susys running away to sea

"The rigors (sic) of an expeditionary lifestyle"

Monday, February 18, 2008

An Arabian Night

It's my last night in Marrakesh, and I'm taking myself out to dinner. Not far - I don't want the hassle S and I had, wandering around late the evening before. Already I've had to rather sharply tell men to 'Go away and leave me alone', which changed one murmured, but persistent invitation to a 'Fuck you' drifting in dusty air behind me.

On my way down the alleyway to the outside world, I'm about to pass the bloke in the cloak, standing outside a nondescript door in a dark corner. We'd seen him on the two previous nights, when candle lanterns had also been placed from the arch over the alley entrance down towards the door. I had wondered what he was doing there, swirling his black cloak impressively, and returning our 'bonsoirs' courteously. And then the brain clicked - the Riad Alida was said to be opposite the restaurant Dar Marjani, of which there was no sign...

'C'est un restaurant ici?' I asked the bloke in the cloak, who immediately opened the door, and ushered me into .....

Well! No - far more than just a restaurant!

I walked into a massive courtyard, dark, lit only by myriad candles. There was a colonnade around a great circular marble fountain, pink and white roses floating at its edge. White divans were arranged around tiny tables. Beyond the candlelight, rose the thick trunk of a palm with huge overarching fronded leaves, and surrounding it, fruiting orange trees. And above me, way above, was the night sky. It was dark, mysterious, oriental. I'd walked from a tatty back alley, literally into a 19th century Arabian Night palace.

Waiters walked around softly in loose-fitting, deep red, black braided uniforms. And presiding over everything was an impressive woman in a kaftan, quite heavily made up, not young, her long hair unusually loosened around her shoulders. I was ushered to a seat at a low table and invited to have a drink - in a muslim country? Yes, again they're quite relaxed, at least for visitors. Beer? I asked - and was given Moroccan beer. At the next table were a Japanese couple, resolute in not catching my eye - but they were drinking something pale blue, and I asked for a glass of this, too - a cocktail on a fig liqueur base. As I listened to a musician sing and play his stringed guitar-type instrumet, and nibbled on olives, walnuts and popcorn, another couple were shown in to the divan beyond. They smiled at me and shortly after, invited me to join them for dinner - well, yes, of course! I don't mind my own company, but they looked fun. The only thing I was really sorry about, was that S was missing this astonishing experience!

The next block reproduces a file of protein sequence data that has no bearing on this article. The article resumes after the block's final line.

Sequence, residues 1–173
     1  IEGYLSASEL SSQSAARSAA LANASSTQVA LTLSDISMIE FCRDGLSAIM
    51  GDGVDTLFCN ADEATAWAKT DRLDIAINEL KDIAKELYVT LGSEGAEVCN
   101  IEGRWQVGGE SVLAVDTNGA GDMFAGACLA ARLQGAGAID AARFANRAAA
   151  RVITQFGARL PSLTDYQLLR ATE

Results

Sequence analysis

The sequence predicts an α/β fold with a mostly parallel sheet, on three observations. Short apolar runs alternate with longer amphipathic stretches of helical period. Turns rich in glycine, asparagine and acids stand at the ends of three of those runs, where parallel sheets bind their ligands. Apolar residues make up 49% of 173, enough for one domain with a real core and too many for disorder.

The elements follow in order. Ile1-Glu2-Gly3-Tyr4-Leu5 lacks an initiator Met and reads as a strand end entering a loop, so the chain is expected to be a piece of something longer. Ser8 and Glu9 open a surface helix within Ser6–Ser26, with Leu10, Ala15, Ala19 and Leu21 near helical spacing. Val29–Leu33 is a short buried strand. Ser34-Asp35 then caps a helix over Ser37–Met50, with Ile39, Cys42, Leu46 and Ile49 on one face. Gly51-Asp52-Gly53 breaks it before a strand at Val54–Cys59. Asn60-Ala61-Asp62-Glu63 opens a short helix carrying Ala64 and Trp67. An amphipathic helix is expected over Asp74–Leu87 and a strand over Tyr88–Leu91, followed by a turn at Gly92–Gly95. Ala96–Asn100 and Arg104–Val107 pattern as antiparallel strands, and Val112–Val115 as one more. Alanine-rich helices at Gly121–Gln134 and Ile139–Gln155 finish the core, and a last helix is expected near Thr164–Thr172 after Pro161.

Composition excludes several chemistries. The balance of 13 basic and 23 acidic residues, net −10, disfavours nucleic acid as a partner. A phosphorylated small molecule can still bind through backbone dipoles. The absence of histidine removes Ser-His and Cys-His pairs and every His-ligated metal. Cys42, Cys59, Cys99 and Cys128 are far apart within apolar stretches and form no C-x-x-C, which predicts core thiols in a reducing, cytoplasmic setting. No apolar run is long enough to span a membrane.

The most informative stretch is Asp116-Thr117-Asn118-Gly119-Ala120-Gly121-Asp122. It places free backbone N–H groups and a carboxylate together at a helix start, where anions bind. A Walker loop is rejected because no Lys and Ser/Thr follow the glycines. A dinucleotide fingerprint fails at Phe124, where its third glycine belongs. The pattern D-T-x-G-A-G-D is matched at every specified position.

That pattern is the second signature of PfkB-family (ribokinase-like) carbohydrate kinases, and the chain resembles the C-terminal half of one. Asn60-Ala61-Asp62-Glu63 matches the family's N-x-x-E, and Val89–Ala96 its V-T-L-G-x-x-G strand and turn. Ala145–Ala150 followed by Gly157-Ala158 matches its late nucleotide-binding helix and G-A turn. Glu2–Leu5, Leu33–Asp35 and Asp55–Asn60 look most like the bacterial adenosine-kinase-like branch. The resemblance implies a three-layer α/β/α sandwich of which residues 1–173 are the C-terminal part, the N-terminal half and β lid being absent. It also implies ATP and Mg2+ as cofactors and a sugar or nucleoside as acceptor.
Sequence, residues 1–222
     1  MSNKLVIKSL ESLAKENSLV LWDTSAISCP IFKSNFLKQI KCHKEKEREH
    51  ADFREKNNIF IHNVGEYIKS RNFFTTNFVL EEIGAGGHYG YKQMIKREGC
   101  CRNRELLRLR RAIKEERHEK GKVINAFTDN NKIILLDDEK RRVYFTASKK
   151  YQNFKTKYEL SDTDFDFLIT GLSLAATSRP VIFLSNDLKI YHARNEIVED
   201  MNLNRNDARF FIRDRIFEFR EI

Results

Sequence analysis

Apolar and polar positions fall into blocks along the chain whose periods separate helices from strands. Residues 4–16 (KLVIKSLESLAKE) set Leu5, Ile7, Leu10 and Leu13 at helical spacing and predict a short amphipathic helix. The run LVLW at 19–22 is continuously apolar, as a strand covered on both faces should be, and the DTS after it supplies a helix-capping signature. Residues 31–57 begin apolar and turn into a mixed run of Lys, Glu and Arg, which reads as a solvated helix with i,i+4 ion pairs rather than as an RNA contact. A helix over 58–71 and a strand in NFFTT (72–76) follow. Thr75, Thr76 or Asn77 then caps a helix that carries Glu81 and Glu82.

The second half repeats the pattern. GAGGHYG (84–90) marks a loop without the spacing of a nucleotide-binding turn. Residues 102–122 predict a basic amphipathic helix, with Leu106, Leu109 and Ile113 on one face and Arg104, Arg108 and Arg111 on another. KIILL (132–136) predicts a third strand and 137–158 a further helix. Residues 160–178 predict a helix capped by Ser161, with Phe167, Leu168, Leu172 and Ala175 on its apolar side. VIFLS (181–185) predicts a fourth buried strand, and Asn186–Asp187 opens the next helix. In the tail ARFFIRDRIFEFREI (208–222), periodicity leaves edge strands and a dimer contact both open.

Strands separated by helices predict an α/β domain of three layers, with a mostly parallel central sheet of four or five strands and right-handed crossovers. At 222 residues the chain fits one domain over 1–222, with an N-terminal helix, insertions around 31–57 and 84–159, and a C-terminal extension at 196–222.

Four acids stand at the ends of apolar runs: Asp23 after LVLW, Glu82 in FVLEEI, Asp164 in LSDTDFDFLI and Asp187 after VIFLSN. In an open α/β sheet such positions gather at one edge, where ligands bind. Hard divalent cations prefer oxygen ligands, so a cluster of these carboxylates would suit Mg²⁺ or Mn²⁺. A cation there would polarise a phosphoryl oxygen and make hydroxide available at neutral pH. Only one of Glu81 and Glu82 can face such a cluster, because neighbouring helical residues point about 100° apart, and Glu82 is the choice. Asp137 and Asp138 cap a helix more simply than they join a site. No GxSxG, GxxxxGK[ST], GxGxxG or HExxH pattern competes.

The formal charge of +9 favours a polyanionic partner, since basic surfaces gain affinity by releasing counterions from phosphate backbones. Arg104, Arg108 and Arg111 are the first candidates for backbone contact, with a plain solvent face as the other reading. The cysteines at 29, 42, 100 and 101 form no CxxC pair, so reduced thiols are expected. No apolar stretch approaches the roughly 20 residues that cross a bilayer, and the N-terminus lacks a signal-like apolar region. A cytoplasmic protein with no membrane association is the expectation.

P and F are Australian - obviously my weekend for Aussies! - and it's their 30th wedding anniversary. They've lived in various parts of the world, including Shanghai - and as my eldest daughter is about to go there, I'm interested in what they have to say - all very reassuring, as it happens, which is excellent news.

All too soon, we're all ushered through a pair of tall dark wooden doors on the other side of the fountain, into a smaller, high ceilinged room. This is where we are to dine - on padded, circular, cushioned sofas around large round tables. On each white clothed table red rose petals are strewn, and the initials of the customers are spelled out in scarlet sequins ... Again, it's lit by candles. I'd been told a couple of times, rather anxiously, it had seemed to me, that the menu was fixed, rather than a la carte - which I'd said was fine. What I had completely failed to realise was that a fixed menu meant course after course, wonderfully presented under conical straw hats! I can't remember the order our food was presented - it just kept coming! There was beautifully fluffy couscous with vegetables, melting lamb, pigeon under thin pancakes, a crispy-grilled fish, chicken, circles of filo pastry with honey and ground nuts, sprinkled with milk, and to finish, delicious palate refreshing wafer-thin orange slices in syrup and cinnamon...

And all the time, we are entertained by a couple of musicians playing and dancing (yes, I was pulled up to dance with them) the mystical gnawa music of the mountains. Finally - this makes the men sit up - a smiling belly dancer - the most beautiful young woman in gold-sequinned bra and diaphanous skirt - able to articulate parts of her body I could never dream of attempting .. Several of the men, P included, slip money into the low waistband of her skirt, which she transfers deftly to her bra, without interrupting her dance. In that atmosphere, of good food, good local wine, pooled candlelight and dark shadows and mesmeric music, we are all entranced...

I bid goodbye to P and F, thank them for their great company, and the bloke in the cloak escorts me along to the front door of my riad. I knock, and it's opened by the porter, who assures me a taxi has been ordered for 4.45 in the morning. The evening has been the most astonishing, unexpected finale to a truly foreign country.

And so to bed.


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